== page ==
Last updated on July 21st, 2020 at 04:10 pm
Factual Reporting: MOSTLY FACTUAL
World Press Freedom Rank: Indonesia 119/180
Founded in 1983 by then information minister Ali Murtopo, Jusuf Wanandi, Muhammad Chudori, and Jakob Oetama, The Jakarta Post is a daily English language newspaper published in Jakarta, Indonesia. The Jakarta Post features an online edition and a weekend magazine supplement called J+ that focus on politics, business, culture, economy, and more. The Jakarta Post’s target audience is a foreign English Language community. Nezar Patria is the Editor-in-Chief.
Funded by / Ownership
Analysis / Bias
In review, in the 2014 elections, The Jakarta Post endorsed Center-Left Joko ‘Jokowi’ Widodo “Editorial: Endorsing Jokowi”, stating “There is no such thing as being neutral when the stakes are so high.” However, they still publish editorials that are critical of ‘Jokowi’s’ ruling center-left party PDI-P such as “Challenge from within”. A quote from the article reads “the last few years witnessed how the PDI-P has struggled to live up to its name.” They continue, “Surely the PDI-P is now at its peak performance. Unless it resists the temptation to hold onto power through “undemocratic” means, we might see the party’s collapse sooner or later.” Furthermore, the article poorly sources its claims. The Jakarta Post also covers Airlangga Hartarto positively (The Chairman of the center-right Golkar Party and also Coordinating Minister for Economic Affairs President of Indonesia Joko Widodo’s cabinet): “It’s official: Airlangga reelected to Golkar’s top post.”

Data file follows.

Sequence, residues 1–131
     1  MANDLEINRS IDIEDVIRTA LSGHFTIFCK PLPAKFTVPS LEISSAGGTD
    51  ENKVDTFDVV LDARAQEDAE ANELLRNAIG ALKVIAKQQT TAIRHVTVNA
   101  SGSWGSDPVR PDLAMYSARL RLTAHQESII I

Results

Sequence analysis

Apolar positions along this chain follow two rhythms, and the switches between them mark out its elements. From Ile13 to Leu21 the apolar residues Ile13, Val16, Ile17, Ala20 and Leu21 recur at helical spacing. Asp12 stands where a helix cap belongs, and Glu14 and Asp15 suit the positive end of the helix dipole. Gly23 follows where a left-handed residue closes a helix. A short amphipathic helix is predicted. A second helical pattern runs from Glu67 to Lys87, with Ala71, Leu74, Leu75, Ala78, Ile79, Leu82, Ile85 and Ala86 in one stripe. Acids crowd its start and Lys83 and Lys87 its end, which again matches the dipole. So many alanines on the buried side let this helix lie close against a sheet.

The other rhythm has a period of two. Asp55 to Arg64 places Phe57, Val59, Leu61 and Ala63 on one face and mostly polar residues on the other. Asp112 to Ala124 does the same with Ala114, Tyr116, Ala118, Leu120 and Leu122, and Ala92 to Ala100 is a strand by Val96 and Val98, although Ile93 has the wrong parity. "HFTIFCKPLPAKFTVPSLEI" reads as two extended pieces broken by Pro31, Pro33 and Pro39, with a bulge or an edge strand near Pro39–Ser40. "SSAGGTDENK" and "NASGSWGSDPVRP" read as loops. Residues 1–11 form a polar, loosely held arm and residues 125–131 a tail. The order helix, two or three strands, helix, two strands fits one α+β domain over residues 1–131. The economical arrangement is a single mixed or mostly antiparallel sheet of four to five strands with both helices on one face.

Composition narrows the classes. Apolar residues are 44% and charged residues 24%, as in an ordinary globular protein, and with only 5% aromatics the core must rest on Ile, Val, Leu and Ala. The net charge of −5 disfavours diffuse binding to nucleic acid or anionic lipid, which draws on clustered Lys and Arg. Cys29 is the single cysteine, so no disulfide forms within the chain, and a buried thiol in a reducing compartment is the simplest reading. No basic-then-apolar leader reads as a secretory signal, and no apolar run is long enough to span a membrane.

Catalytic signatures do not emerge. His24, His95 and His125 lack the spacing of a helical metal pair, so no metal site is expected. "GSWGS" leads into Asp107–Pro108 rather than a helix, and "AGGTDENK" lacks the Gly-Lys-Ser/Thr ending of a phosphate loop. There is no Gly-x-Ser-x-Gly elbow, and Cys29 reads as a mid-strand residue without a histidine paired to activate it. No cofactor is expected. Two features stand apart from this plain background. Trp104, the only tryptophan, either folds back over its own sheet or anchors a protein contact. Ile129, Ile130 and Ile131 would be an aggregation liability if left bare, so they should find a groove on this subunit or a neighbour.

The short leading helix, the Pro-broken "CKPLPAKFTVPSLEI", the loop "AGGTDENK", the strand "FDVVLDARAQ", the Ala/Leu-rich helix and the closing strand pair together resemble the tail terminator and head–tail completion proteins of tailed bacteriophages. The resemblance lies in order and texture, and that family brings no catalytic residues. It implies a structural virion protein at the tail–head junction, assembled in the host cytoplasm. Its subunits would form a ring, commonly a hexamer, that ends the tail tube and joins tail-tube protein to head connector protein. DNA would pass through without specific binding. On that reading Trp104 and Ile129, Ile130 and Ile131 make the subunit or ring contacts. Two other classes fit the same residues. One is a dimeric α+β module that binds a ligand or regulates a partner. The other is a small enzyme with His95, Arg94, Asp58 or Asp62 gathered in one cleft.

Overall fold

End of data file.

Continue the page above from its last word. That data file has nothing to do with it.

When it comes to political issues, particularly in regards to West Papua, the Jakarta Post reports with a balanced tone “Protests demanding release of seven Papuan activists continue as verdict trials near.” Although The Jakarta Post covers world news pertaining to the USA, through the AFP, they also publish opinion pieces that are critical in a tone such as “It’s official: Indonesia has arrived at its Trumpian moment”. When it comes to sourcing The Jakarta Post typically sources to themselves and uses quotes. In general, they report news factually with a slight left-leaning editorial bias.
Failed Fact Checks
- None to date
Overall, we rate The Jakarta Post Left-Center biased based on editorial positions that slightly favor the left. We also rate them Mostly Factual in reporting rather than High due to a lack of transparency with ownership and poor sourcing techniques. (D. Van Zandt 5/13/2017) Updated (M. Huitsing 7/21/2020)